The U.S. economic recession, that began in 2008, caused domestic manufacturers to critically evaluate their respective dealer networks and terminate certain brands, and, as a result, the respective franchises. For example, General Motors chose to discontinue the Pontiac brand and, as a result, both of our Pontiac franchises were terminated. In addition, Ford chose to discontinue the Mercury brand and, as a result, all four of our Mercury franchises were terminated. Subject to similar future economic factors and material changes to the regulations discussed above, we generally expect our franchise agreements to survive for the foreseeable future and, when the agreements do not have indefinite terms, anticipate routine renewals of the agreements without substantial cost or modification.
Our dealership service departments perform vehicle repairs and service for customers under manufacturer warranties. We are reimbursed for the repairs and service directly from the manufacturer. Some manufacturers offer rebates to new vehicle customers that we are required, under specific program rules, to adequately document, support, and typically collect. In addition, some manufacturers provide us with incentives to order and/or sell certain models and/or volumes of inventory over designated periods of time. Under the terms of our dealership franchise agreements, the respective manufacturers are able to perform warranty, incentive, and rebate audits and charge us back for unsupported or non-qualifying warranty repairs, rebates or incentives.
In addition to the individual dealership franchise agreements discussed above, we have entered into framework agreements in the U.S. with most major vehicle manufacturers and distributors. These agreements impose a number of restrictions on our operations, including our ability to make acquisitions and obtain financing, and on our management. These agreements also impose change of control provisions related to the ownership of our common stock. For a discussion of these restrictions and the risks related to our relationships with vehicle manufacturers, please read “Item 1A. Risk Factors.”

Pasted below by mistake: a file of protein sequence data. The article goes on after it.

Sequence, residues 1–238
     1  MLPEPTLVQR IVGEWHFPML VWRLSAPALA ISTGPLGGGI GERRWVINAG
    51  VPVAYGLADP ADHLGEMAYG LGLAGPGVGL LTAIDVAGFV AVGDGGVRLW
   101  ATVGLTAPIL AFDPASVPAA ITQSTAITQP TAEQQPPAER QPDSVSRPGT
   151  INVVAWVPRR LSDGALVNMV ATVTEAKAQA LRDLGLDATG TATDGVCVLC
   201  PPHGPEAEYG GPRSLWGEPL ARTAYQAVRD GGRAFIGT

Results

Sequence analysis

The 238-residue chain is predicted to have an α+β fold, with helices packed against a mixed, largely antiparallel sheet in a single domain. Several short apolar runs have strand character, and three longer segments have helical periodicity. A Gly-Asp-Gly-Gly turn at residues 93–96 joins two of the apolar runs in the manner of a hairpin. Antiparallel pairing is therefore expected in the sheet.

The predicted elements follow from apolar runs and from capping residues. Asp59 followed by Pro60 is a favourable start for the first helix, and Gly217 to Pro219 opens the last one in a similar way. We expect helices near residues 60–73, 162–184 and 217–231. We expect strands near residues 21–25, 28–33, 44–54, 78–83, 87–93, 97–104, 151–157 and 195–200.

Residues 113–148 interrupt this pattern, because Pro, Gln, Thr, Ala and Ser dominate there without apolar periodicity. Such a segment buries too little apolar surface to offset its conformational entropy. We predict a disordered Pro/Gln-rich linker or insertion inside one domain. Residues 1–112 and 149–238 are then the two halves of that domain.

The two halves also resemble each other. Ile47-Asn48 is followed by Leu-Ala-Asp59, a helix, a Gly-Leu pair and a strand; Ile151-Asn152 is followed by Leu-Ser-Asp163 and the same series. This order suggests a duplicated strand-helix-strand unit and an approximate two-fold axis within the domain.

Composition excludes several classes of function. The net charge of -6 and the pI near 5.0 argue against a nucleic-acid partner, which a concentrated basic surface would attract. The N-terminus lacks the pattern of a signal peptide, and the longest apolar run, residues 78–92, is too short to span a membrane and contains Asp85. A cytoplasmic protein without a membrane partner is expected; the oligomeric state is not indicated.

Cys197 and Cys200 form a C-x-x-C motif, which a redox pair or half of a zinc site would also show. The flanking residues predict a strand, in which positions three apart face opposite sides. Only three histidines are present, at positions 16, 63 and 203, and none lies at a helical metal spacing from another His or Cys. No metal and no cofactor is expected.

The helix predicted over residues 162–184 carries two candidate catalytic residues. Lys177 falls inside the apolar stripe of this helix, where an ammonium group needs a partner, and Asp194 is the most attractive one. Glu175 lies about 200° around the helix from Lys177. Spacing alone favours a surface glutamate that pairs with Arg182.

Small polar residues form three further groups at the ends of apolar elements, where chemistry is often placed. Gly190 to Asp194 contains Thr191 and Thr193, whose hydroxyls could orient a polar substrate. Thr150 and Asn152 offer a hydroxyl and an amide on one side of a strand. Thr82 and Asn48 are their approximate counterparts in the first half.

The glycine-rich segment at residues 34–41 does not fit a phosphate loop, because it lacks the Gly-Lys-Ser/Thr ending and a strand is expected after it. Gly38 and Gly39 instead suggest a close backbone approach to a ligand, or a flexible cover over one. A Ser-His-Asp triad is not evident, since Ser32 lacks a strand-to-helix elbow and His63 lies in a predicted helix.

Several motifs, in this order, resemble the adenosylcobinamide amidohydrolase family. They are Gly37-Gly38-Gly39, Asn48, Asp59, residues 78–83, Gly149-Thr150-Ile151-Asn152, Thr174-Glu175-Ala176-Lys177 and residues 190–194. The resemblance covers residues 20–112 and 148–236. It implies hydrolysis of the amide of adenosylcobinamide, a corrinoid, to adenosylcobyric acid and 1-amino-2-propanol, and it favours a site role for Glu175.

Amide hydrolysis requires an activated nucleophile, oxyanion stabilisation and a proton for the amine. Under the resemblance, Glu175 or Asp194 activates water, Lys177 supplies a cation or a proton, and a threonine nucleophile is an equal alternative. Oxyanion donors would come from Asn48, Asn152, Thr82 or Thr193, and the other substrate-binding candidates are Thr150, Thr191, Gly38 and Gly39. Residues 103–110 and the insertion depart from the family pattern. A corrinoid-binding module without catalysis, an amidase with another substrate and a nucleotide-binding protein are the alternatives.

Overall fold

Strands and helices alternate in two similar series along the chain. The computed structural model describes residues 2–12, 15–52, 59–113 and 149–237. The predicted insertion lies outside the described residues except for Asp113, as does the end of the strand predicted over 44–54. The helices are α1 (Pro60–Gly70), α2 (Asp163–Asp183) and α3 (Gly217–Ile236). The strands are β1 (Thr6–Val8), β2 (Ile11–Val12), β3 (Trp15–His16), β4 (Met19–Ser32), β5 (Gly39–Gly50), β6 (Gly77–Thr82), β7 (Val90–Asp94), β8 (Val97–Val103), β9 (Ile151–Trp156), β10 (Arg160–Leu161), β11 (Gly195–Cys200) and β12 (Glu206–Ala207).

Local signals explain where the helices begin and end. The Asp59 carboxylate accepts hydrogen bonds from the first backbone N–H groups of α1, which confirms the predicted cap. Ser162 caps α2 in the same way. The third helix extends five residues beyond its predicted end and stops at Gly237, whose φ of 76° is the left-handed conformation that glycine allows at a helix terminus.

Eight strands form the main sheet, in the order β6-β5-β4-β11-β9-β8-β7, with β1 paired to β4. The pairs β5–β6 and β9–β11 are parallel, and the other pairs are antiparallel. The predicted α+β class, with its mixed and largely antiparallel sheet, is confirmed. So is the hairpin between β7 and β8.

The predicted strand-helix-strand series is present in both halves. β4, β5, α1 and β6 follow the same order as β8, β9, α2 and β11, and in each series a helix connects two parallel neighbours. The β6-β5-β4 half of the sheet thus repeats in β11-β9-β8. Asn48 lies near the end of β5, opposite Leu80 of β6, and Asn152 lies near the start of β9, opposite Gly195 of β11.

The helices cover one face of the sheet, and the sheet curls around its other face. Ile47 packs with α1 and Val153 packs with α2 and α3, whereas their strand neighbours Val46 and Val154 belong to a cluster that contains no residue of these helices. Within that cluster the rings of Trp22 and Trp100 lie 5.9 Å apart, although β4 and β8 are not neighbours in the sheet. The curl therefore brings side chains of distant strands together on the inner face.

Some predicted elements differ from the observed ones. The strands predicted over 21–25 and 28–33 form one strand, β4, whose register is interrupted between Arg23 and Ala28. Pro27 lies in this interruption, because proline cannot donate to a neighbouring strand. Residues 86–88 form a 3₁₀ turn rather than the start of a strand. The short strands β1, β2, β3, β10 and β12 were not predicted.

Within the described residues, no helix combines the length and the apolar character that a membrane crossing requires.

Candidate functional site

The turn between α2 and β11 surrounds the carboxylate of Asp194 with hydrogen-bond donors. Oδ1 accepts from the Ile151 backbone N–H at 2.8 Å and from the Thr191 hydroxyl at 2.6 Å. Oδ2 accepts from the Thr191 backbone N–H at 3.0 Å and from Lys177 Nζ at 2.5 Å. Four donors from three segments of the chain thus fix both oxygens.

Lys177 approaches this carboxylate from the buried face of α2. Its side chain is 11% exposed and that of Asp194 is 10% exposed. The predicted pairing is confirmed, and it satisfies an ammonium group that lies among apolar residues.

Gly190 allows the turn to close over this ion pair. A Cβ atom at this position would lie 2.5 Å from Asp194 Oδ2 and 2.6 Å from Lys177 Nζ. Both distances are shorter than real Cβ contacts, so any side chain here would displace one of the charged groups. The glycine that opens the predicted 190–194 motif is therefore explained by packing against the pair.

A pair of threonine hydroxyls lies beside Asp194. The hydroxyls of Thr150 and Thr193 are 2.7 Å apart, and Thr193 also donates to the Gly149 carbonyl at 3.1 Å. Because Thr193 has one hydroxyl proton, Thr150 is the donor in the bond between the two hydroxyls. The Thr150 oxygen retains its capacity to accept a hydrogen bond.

The following table sets forth the percentage of our new vehicle retail unit sales attributable to our top five manufacturers in terms of percent of new vehicle retail units sold:
 
Manufacturer
Percentage of New
Vehicle Retail
Units Sold during
the Year Ended
December 31, 2016
Toyota
24.9%
BMW
13.5%
Ford
11.0%
Volkswagen
11.0%
Honda
9.9%

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Governmental Regulations
Automotive and Other Laws and Regulations
We operate in a highly regulated industry. A number of U.S. state and federal laws and regulations affect our business and the business of our manufacturers. In every state in which we operate in the U.S., we must obtain various licenses in order to conduct our businesses, including dealer, sales and finance, and insurance licenses issued by state regulatory authorities. Numerous laws and regulations govern our conduct of business, including those relating to our sales, operations, financing, insurance, advertising and employment practices. These laws and regulations include franchise laws and regulations, consumer protection laws, and other extensive laws and regulations applicable to new and used motor vehicle dealers, as well as a variety of other laws and regulations. These laws also include U.S. federal and state wage-hour, anti-discrimination and other employment practices laws.
Our financing activities with customers are subject to U.S. federal truth-in-lending, consumer leasing, and equal credit opportunity laws and regulations, as well as state and local motor vehicle finance laws, installment finance laws, usury laws, and other installment sales laws and regulations. Some states in the U.S. regulate finance fees and charges that may be paid as a result of vehicle sales. Claims arising out of actual or alleged violations of law may be asserted against us, or our dealerships, by individuals or governmental entities and may expose us to significant damages or other penalties, including revocation or suspension of our licenses to conduct dealership operations and fines.
Our U.S. operations are subject to the National Traffic and Motor Vehicle Safety Act, Federal Motor Vehicle Safety Standards promulgated by the United States Department of Transportation and the rules and regulations of various state motor vehicle regulatory agencies. The imported automobiles that we purchase in the U.S. are subject to U.S. customs duties, and in the ordinary course of our business, we may, from time to time, be subject to claims for duties, penalties, liquidated damages or other charges.